9. TIN DATA MODEL • The TIN model creates a network of triangles by storing the topological relationships of the triangles. • The fundamental building block of the TIN data is the node. • Nodes are connected to their nearest neighbors by edges, according to a set of rules. Left-right topology is associated with the edges to identify adjacent triangles. • The TIN creates triangles from a set of points called mass points, which always become nodes. The user is not responsible for selecting; all the nodes are added according to a set of rules.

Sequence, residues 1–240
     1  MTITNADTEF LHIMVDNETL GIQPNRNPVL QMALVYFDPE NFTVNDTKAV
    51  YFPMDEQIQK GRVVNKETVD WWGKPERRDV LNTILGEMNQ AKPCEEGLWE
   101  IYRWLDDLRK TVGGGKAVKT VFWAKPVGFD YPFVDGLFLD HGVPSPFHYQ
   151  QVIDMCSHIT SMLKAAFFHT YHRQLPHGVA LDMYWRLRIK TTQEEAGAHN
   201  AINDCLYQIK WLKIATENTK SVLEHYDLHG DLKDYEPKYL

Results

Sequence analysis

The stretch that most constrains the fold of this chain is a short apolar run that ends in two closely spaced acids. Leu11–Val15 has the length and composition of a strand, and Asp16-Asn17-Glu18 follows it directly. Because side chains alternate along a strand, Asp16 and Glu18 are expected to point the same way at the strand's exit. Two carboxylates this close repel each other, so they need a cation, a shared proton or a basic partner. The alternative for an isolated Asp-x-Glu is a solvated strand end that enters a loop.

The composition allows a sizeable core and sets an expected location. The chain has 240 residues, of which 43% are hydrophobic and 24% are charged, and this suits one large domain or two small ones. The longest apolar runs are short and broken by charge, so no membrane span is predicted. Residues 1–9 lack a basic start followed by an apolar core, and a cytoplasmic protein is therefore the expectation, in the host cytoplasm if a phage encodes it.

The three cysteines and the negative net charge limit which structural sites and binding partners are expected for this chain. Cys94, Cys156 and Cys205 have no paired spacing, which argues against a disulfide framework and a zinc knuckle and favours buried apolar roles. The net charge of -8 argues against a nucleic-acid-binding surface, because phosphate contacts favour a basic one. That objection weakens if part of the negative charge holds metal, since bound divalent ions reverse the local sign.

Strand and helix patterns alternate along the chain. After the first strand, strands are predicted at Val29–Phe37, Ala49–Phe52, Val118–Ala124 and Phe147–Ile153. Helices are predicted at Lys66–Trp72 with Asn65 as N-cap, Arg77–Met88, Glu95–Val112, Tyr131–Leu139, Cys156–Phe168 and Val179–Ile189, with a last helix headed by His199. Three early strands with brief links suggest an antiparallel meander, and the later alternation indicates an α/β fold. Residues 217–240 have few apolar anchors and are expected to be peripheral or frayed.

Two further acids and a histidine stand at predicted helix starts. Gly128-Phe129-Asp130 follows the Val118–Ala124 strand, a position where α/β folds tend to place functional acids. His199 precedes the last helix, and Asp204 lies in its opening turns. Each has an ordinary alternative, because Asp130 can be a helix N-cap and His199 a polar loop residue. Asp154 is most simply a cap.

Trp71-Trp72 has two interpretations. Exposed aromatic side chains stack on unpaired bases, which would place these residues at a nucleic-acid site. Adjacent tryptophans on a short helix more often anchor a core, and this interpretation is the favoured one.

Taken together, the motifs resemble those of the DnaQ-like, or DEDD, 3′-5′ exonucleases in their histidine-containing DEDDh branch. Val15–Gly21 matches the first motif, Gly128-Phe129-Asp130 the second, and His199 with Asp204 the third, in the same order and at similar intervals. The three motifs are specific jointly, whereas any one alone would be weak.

11. DIFFERENCE BETWEEN VECTOR AND RASTER DATA MODEL • Vector Data Model: [data models] A representation of the world using points, lines, and polygons. Vector models are useful for storing data that has discrete boundaries, such as country borders, land parcels, and streets. • Raster Data Model: [data models] A representation of the world as a surface divided into a regular grid of cells. Raster models are useful for storing data that varies continuously, as in an aerial photograph, a satellite image, a surface of chemical concentrations, or an elevation surface. • Both vector and raster data constitute of "latitudes and longitudes", only. The difference is in the way they are displayed. • Latitudes and Longitudes in Vector data are displayed in the form of lines, points, etc. • Latitudes and Longitudes in Raster data are displayed in the form of closed shapes where each pixel has a particular latitude and longitude associated with it.